Daily Archives: December 5, 2012

Crazy People Get Sick Too

“Crazy people get sick too.” a professor of mine in medical school told me, as we walked through a crowded urban emergency room.  He firmly emphasized to his small crowd of followers that it was nothing short of criminal to instantly brand every human being who presented to the ER (or anyplace else) with a medication list that included psych drugs, or was delusional, or disoriented, or hallucinating, or even violent, as being a “crank,” and ignoring the possibility that this person might be physically ill, just like anyone else.

I took that lesson very much to heart, even though I was not officially among the mentally ill at that point.  It made all the sense in the world that mentally ill people could still get heart attacks, and strokes, and kidney stones, and life-threatening infections.  It even made sense that people who were not diagnosed with a mental illness could have conditions that might mimic conditions normally associated with, say, a psychotic break or an overdose: acute liver failure can cause hallucinations and stupor; uncontrolled diabetes can cause disorientation and lethargy progressing to coma; hypoglycemia can cause uncontrollable tremors, delusions, and hallucinations progressing to unconsciousness and sudden death; brain tumors can cause auditory and visual hallucinations, personality changes, depression, mania, paranoia, and just about anything else.

Then there was the lady who kept vomiting and vomiting for almost a year.  The gastroenterologists did every test in the world and it all came back normal, except for her serum electrolytes, which were screwed up from her constant vomiting.  They branded her a psychogenic vomiter, which means  they blamed the vomiting on something psychological and that was not their department, so they discharged her from their care.  A few months later she presented to the ER, this time vomiting up fecal matter (sorry).  Yes, it was really gross, and my heart went out to this poor lady, who had been branded a “crank” simply because the doctors did not know what was wrong with her.

This time the ER requested an acute surgical consult.  The surgeon decided to take her to the OR the next day for an exploratory laparotomy, which means they would open her up from guggle to zatch (my terminology) and wudge around in her innards to try to find the cause of her awful condition.  Luckily, I happened to be on the surgery service then, so I was pressed into service holding retractors.  (N.B. anyone who has a question about any of these terms is welcome to leave a comment and I will explain.  I figure that most people watch all these medical shows they have now, but since I don’t own a T.V. I don’t know what they have on them.)

Where was I?  Oh yes.  Holding retractors.  So.  When the surgeon got in there, he found, to his great surprise, a gigantic tumor in the middle portion of her small intestine.  Now, the small intestine is notoriously difficult to evaluate due to its extreme length (about 20 feet) so you can’t just stick a periscope down there and look around, like you can with the large intestine.  So all kinds of weird shit (excuse the pun) can hang out down there and go on with its dirty business undetected.   So when he opened this lady up and found a grapefruit size tumor like a donut surrounding the tube of her small intestine, he was shocked and amazed.  I was ecstatic.  The lady was vindicated.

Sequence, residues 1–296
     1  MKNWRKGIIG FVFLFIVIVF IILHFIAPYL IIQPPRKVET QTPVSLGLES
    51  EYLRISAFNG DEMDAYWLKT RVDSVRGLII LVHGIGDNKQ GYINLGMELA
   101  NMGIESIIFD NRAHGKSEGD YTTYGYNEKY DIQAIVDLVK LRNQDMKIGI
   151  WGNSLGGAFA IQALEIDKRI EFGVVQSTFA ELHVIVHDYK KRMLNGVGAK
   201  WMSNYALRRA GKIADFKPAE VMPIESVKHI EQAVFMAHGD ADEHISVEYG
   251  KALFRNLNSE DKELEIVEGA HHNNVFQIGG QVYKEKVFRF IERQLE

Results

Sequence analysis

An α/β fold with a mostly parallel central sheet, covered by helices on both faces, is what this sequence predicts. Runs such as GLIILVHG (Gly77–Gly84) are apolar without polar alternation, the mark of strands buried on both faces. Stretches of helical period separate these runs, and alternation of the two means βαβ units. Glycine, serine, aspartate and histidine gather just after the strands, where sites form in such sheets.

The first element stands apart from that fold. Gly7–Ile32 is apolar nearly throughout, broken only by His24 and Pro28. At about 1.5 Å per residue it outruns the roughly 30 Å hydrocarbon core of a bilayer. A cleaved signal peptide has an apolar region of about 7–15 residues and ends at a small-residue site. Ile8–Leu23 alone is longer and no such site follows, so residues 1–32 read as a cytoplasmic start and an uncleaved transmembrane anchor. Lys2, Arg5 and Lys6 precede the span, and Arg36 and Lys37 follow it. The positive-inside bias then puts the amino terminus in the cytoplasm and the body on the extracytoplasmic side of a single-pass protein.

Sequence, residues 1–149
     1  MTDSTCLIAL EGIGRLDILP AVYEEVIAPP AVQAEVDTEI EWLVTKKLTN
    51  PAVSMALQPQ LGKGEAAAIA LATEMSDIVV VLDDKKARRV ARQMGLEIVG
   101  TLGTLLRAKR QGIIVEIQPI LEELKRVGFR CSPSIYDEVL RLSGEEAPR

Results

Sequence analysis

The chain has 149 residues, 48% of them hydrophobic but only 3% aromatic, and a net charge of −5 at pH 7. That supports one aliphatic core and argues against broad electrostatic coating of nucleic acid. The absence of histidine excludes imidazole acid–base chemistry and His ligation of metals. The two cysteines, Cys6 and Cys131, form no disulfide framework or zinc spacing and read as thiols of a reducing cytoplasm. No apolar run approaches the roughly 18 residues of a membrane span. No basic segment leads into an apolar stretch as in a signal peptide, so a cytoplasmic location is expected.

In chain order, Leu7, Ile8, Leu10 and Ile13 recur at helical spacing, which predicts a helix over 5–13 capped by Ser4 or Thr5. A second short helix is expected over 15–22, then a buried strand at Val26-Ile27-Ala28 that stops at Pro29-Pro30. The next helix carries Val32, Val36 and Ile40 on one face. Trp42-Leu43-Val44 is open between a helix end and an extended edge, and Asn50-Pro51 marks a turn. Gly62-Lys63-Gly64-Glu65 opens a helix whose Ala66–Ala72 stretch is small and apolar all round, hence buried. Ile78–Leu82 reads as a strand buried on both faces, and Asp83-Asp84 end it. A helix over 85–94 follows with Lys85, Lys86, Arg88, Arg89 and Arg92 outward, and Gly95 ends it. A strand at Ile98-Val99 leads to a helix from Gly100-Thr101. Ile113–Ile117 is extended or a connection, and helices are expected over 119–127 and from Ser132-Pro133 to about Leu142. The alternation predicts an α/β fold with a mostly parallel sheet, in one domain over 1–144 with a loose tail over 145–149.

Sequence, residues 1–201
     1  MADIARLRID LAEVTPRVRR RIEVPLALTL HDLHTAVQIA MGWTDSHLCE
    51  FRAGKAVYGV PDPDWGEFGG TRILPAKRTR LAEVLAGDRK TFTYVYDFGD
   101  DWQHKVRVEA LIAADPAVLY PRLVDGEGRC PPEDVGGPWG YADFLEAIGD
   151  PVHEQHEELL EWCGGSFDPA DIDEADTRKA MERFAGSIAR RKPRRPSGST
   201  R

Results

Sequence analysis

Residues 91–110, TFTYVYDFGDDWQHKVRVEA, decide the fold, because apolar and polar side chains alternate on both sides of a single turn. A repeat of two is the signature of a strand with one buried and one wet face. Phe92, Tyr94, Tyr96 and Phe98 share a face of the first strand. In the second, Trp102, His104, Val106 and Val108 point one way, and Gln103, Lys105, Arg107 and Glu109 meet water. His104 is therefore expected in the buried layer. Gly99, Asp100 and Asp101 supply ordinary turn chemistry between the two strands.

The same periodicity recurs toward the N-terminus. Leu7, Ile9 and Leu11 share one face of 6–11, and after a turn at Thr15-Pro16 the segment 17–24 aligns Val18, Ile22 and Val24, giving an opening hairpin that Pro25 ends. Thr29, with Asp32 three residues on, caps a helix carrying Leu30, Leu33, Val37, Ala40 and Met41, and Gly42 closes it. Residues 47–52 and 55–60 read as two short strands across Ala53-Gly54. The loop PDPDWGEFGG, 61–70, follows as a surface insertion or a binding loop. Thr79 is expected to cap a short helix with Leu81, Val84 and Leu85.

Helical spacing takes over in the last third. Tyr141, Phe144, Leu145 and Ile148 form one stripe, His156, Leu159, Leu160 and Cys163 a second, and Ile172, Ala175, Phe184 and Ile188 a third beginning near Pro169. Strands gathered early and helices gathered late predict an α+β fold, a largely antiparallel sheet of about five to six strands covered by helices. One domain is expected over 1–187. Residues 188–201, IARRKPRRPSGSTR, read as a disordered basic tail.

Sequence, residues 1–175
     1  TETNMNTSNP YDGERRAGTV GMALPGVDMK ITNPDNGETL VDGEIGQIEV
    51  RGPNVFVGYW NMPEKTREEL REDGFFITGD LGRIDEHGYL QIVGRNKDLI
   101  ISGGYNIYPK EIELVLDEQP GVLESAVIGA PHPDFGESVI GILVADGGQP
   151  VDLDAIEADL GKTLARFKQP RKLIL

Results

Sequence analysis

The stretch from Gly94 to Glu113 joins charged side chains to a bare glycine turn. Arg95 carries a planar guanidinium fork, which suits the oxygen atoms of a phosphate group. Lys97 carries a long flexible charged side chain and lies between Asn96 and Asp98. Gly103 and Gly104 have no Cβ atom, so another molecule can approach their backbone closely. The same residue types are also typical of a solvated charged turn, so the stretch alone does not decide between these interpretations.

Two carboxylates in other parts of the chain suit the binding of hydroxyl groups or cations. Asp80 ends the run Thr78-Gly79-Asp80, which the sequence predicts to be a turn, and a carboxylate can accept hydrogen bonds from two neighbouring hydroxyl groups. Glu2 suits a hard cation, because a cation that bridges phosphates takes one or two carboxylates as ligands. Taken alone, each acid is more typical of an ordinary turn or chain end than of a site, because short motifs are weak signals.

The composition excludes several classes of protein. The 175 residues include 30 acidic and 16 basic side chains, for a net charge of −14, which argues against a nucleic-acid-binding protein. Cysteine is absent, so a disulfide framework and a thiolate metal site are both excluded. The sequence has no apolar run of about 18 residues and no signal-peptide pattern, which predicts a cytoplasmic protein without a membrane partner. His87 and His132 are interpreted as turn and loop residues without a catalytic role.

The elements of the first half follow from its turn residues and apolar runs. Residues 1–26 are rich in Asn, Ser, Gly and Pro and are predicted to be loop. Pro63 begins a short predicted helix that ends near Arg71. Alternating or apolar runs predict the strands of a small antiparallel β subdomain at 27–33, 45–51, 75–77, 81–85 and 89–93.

The surgery turned out to be very messy.  I will not go into the particulars.  I had the immense satisfaction of bringing the news of the positive surgical findings to the attention of the arrogant asshole gastro people, who pretended that they thought something was the matter all along.

Oh, I forgot to tell you, this lady had a diagnosis of anxiety disorder and was on two or three meds for it.

One piece of good news is that since then there have been many new developments in medical imaging.  It is doubtful that things would have got that far without a CT scan, or an MRI, or both; and either of those would have revealed the weird tumor.  But given her diagnosis of anxiety disorder, would she have been taken seriously enough to even get to the point of imaging before she started throwing up shit?  I really don’t know.

Next post, I will tell you why I wrote this one.

Sitting Here Watching Airplanes

It is that time of year when people go to great lengths  to be with family members for the holidays. I mean literally.  Some travel thousands of miles every year, some not by choice, to celebrate. I say not by choice and mean mostly the kids who are shipped back and forth for the holidays. … Continue reading

I told you so

It’s 9 am.

Thus far my “new” car has overheated and started gushing anti freeze,leaving me stranded and carless (R picked me up.)

My glasses broke.

I lost my cell phone.

That icky feeling in your gut?


This day sucks, I am in panic mode, I feel hobbled with no car, now knowing my small Christmas money budget will have to go on a car R told me was solid…

How am I not supposed to be panicking and depressed?

I know shit happens, things go wrong. Fine.

But must it all be at once? For fuck’s sake, I can’t catch a break.



TO breathe.

I hate using a computer that isn’t mine.



Way back when I started this blog, I mentioned wearing a MedicAlert bracelet. At the time, I was kinda freaked …

Continue reading »

A soul not at peace

I have been trying not to flood post, although I don’t consider two posts a day flooding, some people do. To them, I apologize. But I have a head full of neurotic mental garbage that I feel the need to purge before it makes my head implode.